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Successful interim executives get great feedback

6th January 2014

Exactly how does a prospective client have anything like a ‘rock solid’ assurance that they are being introduced to a ‘top-notch’ interim manager or interim leader? (an interim leader being an interim manager operating at or around leadership level). How does an interim know they are good, or even great?

All too often over-used words such as ‘incisive’, ‘expert and ‘over-qualified’ litter an intermediary’s website and many CV’s. Yet words can be empty, subjective and unquantifiable – what do they really tell you about someone’s interim management and leadership qualities?  In a bid to measure this elusive quality some intermediaries (interim providers and recruitment consultants supplying interim managers) resort to a combination of standardised competency and personality tests.  Bottom line, these are near-meaningless indicators which cannot pretend to capture or understand the complexities and nuances of a senior-level executive who operates across very different business cultures on each assignment, nor their fit in a given organisation.  Senior-level interim managers, who each have their own unique style, approach and experiences, can’t be compared against each other with the equivalent of a litmus test. It’s nonsense and it doesn’t work!

So, what does it boil down to? Working with some of the leaders in the field has provided some essential insight and suggests the following golden rules for successful interim leadership, selection and recruitment:

First, nothing compares to or replaces the knowledge gleaned from regular face-to-face meetings with prospective interim managers and prospective clients.  A few years ago I began working for the founder of a leading senior-level interim firm – his work was groundbreaking in what was a new industry. A real leader himself, who successfully placed thousands of top-level interim managers. Fundamental to his practice was spending quality time with each and every person to gain a complete understanding of their personality, their vision and what they could bring to an organisation.  Of equal importance was the time spent with directors and CEOs of prospective clients.

In this age of high speed and rapidly evolving technology, it is all too easy to forget that the best way of understanding the multidimensional skills of potential interim managers and the diverse needs of any business, is generous listening:  find out what makes them tick, what they have to offer and what they need.  Any intermediary worth their salt will want to spend time with both potential interim managers and the clients they will support.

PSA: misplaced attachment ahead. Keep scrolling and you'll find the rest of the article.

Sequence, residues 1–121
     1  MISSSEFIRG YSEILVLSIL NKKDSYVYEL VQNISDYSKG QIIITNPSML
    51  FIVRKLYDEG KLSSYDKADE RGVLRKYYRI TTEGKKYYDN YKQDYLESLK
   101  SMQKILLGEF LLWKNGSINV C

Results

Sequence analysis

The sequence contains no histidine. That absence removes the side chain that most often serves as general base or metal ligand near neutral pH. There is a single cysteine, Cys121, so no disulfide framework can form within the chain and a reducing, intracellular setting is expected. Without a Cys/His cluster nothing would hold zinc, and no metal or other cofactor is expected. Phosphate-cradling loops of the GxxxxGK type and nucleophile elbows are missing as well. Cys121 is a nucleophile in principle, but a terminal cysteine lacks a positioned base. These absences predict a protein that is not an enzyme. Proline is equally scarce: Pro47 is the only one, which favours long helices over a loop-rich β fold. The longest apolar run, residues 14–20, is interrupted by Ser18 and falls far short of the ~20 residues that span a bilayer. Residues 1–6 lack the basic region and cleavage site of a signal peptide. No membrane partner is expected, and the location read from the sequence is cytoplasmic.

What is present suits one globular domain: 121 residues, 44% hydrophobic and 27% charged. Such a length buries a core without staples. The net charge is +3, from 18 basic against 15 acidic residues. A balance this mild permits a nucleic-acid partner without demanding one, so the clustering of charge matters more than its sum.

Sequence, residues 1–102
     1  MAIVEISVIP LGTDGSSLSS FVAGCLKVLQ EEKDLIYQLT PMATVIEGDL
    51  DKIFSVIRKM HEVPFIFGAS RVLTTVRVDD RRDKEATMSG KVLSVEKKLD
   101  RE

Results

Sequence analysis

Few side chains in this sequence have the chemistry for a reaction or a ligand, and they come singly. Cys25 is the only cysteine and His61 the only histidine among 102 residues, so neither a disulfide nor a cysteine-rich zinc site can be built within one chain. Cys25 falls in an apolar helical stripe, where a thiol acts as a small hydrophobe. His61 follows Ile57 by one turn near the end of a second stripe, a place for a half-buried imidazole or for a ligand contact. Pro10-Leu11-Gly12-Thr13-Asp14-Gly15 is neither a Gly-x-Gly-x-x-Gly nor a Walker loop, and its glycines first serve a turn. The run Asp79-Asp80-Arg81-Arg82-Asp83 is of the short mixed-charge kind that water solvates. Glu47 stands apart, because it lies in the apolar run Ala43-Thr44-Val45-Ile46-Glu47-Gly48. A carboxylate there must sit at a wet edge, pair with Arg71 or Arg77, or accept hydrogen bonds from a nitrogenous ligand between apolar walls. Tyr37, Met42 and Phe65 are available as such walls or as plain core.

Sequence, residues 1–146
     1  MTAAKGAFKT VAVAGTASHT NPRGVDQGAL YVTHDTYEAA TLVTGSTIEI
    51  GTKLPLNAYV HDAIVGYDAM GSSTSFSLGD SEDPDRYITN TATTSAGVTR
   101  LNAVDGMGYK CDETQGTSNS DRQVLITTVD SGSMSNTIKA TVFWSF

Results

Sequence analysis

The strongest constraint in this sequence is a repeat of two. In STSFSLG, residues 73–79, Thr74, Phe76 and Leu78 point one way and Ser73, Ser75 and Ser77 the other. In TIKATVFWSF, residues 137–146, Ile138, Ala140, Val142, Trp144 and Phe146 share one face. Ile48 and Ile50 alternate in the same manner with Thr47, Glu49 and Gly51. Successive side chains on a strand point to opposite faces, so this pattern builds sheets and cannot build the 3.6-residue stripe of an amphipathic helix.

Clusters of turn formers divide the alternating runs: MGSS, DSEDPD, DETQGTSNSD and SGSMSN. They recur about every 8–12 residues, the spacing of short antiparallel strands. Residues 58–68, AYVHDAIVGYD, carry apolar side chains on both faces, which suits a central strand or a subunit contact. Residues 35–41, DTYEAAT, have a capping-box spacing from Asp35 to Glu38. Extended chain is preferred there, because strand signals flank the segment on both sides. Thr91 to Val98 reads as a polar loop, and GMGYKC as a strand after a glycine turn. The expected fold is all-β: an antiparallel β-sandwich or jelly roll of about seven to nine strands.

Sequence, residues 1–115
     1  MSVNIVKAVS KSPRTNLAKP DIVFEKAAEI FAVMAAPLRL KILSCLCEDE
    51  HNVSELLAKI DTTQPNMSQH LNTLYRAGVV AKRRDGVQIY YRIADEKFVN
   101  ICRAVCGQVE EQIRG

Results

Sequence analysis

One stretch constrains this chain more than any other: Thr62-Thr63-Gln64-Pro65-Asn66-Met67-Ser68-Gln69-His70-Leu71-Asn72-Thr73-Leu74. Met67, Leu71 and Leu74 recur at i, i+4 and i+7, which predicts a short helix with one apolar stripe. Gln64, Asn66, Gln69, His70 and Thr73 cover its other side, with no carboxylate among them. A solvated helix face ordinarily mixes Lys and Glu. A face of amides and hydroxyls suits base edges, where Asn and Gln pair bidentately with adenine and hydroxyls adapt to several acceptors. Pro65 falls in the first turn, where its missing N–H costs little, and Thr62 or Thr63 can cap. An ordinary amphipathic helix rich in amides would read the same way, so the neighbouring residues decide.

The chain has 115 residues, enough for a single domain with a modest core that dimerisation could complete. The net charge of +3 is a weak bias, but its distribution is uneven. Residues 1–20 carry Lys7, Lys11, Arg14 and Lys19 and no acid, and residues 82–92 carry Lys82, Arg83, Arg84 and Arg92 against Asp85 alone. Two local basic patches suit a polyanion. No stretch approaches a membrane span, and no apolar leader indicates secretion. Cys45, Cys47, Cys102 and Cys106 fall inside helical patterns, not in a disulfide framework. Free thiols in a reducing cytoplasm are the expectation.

Second, the value of ‘emotional intelligence’ to an interim manager and their prospective clients cannot be underestimated.  A quality intermediary will forge relationships with both candidates and prospective clients in order to make the best possible match between both.  In-depth knowledge of the requirements of the business and of an interim manager’s skills and particular approach ensures that a good intermediary consistently provides short lists of outstanding and suitable candidates to a client for interview.  This uniqueness each interim brings – an ability to instantly understand their client and provide the right support – must be appreciated by all good interim providers.

But most important of all, resounding feedback from previous clients and organisations is the single objective and quantifiable indicator of an interim manager’s ability to deliver results on a consistent basis.  In today’s business world where flexibility and responsiveness is key, it’s not just about the task-based skills an interim manager can bring to an organisation but how they fit into the culture of the organisation, their ability to insert themselves seamlessly into the business, leading with vision and mobilising employees at all levels to meet shared goals.

Great interim managers will get great feedback (interim managers should always ask for it at the end of an assignment). Prospective clients should be prepared to give honest feedback. With straightforward and regular feedback you will know if you are a really great interim manager, and what it takes to become one. With that added assurance, clients will also be more likely to hire you!


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